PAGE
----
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Freestanding C++: What does it mean?

A freestanding implementation of C++ is an implementation that can potentially have all of the features, but not the library or tools to support development in it.

Historically, the following headers are available:

#include <cstddef>
#include <limits>
#include <new>
#include <typeinfo>
#include <exception>
#include <cstdarg>
#include <cstdlib> // See note

<cstdlib> is in this context only required to implement std::abort, std::exit, std::atexit, std::quick_exit and std::at_quick_exit. I would advise not to rely on them depending on the platform you are programming for since they may not work properly if you also were to supply a linker script for example.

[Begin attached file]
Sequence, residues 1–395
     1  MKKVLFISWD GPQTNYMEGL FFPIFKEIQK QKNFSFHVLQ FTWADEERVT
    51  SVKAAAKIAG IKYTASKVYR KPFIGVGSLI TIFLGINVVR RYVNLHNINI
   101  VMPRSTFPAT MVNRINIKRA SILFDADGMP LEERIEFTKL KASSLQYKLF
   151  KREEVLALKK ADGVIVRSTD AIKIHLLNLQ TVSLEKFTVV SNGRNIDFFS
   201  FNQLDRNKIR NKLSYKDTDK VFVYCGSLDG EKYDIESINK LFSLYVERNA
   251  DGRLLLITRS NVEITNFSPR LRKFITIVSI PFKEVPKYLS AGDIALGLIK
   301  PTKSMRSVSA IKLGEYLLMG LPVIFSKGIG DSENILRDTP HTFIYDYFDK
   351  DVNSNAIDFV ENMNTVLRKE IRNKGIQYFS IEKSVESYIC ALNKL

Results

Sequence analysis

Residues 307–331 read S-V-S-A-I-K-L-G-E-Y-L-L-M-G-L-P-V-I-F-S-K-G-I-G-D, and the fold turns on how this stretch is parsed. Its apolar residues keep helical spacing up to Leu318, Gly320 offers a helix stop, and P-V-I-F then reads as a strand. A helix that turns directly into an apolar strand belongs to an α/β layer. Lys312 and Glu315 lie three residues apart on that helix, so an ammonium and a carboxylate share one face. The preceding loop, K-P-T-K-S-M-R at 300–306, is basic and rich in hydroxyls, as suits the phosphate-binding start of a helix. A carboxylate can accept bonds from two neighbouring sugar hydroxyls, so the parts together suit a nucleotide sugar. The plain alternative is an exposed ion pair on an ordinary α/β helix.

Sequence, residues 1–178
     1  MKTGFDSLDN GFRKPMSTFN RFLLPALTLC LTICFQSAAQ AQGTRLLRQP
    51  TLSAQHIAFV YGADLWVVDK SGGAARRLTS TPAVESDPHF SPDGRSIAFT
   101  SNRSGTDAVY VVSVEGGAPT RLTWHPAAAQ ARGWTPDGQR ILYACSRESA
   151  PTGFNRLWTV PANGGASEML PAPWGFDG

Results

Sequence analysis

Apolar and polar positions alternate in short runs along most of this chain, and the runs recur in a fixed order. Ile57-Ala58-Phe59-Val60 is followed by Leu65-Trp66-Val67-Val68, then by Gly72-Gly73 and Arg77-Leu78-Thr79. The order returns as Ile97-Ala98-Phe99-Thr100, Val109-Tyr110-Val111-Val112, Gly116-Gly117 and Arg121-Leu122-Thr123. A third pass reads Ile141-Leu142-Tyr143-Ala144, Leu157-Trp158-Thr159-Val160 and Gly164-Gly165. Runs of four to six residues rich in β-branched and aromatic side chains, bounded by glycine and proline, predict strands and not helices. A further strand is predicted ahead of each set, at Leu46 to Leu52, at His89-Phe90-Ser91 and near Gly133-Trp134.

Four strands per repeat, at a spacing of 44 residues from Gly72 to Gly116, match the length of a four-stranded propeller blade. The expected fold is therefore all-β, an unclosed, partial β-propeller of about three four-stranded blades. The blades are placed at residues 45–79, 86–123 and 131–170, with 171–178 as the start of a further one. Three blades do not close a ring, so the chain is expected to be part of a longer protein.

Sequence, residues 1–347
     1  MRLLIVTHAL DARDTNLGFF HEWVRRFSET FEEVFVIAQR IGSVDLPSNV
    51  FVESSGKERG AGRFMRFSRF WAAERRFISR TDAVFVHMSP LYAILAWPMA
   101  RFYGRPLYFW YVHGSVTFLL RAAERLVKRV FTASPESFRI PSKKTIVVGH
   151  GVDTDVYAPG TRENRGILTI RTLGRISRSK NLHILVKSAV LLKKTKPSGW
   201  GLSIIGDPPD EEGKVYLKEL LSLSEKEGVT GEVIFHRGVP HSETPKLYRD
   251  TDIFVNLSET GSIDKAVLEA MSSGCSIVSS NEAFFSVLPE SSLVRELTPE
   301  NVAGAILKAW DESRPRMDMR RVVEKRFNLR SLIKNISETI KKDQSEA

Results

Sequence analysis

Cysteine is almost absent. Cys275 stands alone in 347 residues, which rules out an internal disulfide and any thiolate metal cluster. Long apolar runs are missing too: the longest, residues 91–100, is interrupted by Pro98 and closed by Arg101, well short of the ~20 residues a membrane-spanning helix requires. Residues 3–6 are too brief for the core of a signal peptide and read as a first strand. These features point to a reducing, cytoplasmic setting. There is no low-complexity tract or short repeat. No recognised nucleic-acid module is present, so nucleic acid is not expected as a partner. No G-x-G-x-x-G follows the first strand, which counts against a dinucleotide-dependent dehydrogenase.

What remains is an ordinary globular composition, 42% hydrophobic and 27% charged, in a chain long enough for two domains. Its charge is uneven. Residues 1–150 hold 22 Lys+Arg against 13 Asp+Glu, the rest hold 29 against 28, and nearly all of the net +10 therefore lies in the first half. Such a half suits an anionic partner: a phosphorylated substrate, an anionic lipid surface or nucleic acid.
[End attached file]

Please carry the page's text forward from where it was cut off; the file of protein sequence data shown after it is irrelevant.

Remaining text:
In C++11, the support for the following headers was added:

#include <cfloat>
#include <climits>
#include <cstdint>
#include <initializer_list>
#include <type_traits>
#include <atomic>
#include <ciso646> // removed in C++20
#include <cstdalign> // removed in C++20
#include <cstdbool> // removed in C++20

In C++20 were finally added:

#include <version>
#include <source_location>
#include <compare>
#include <coroutine>
#include <concepts>
#include <bit>

Please take note that while operator new() may be declared, it is not necessarily defined.

The opposite of a freestanding implementation of C++ is a hosted implementation. A hosted implementation is relying on an operating system to provide a filesystem, inter-process communication and resource management; on the opposite, a freestanding implementation must provide all of the tools to create those, potentially depending on some externally written assembly code parts to handle specific features.

Conclusion

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Freestanding C++: What does it mean?
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